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We are committed to ensuring that people who lack mental capacity should not be denied the benefits that can be obtained through carefully regulated research. We have spoken at length this afternoon about the importance of safeguards and the need for them to be as strong as possible. Clause 31(5)(b) is very clear—the research must not interfere with the person's freedom or privacy in a significant way.
The Joint Committee on Human Rights has been considering the matter and we value its views. We have explained the meaning of "significant way" in this context. It welcomed the clarification of the drafting and in particular our intention that any interference with a person's privacy or freedom of action should be kept to a minimum. The committee goes on to say that in its opinion it would be clearer to substitute "material" for significant, so that the protection requires that anything done to, or in relation to, the person who lacks capacity will not interfere with their freedom of action or privacy in a material way. This is something we are looking at with interest.
Although we have not come to quite the same conclusion as the research community, we are looking at the terms, as I say. Therefore, emboldened by the expert views of the Joint Committee, I am bound to say that we do not think the amendment proposed achieves what we and the Joint Committee want. Having looked at this carefully, we feel that changing this to use the word "unduly" would weaken the protections, which I know is not the noble Earl's intention. It would imply that any interference would not be undue—that is, would not be justifiable in view of the aim of the researchers. We have set the test at a low level; that is to say, interference must be kept to a minimum. The noble Earl's amendment would change that. We need to think carefully about that word.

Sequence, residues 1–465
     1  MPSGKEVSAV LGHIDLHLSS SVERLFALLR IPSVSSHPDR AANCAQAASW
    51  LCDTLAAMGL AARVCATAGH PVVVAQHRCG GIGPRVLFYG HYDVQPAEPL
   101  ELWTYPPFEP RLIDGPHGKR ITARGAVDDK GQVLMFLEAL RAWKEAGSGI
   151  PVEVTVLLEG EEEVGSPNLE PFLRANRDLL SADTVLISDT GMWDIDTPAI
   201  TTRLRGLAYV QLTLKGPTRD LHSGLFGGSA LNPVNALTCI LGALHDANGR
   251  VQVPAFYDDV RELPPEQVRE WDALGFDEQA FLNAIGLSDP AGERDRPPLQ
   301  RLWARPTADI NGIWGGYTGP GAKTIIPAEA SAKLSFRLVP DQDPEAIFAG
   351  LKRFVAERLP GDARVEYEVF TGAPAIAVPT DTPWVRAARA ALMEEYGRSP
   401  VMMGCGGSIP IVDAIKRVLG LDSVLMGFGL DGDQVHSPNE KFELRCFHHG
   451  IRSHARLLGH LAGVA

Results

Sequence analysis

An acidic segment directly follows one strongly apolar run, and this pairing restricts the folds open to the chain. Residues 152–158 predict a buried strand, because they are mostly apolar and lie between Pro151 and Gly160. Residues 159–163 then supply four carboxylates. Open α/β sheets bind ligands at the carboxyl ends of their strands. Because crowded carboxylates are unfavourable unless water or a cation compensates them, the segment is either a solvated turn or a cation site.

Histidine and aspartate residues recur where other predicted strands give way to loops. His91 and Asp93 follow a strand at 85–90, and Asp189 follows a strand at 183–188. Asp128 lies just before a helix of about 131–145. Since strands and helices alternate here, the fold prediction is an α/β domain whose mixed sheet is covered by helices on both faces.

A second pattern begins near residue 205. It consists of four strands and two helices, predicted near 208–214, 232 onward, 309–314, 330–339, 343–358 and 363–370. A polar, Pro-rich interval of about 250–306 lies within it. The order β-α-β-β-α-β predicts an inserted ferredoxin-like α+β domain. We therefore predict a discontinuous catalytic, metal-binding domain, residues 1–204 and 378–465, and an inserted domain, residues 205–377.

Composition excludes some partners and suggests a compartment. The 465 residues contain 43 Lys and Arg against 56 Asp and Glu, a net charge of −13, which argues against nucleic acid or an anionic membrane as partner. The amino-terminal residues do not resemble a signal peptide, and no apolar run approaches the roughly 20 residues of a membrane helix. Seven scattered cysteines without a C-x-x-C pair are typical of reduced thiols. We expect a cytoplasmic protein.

To give an idea of the context in which we are arguing, let us consider an example that has been used in another place of a researcher who may want to observe how a person with learning disabilities solves an abstract puzzle. He or she may need to do so in a way that means the person is not distracted by the presence of the researcher. To achieve that a two-way mirror may be used. That might be said to be a minimal interference with the person's right to privacy. But suppose the researcher wanted to study the sexual behaviour of the person with a learning disability or how that person bathed or undressed. We believe that filming those intimate moments does not constitute minimal interference but rather a gross intrusion. Many people would hold that view. We need to be careful not to accept a provision which might allow a well intentioned researcher to argue to a research ethics committee that this was not an undue interference—the matter turns on the notion of what is undue—because the aims of the research were vitally important.
I hope that with that clarification and bearing in mind what I said about the word "material", the noble Earl will withdraw his amendment.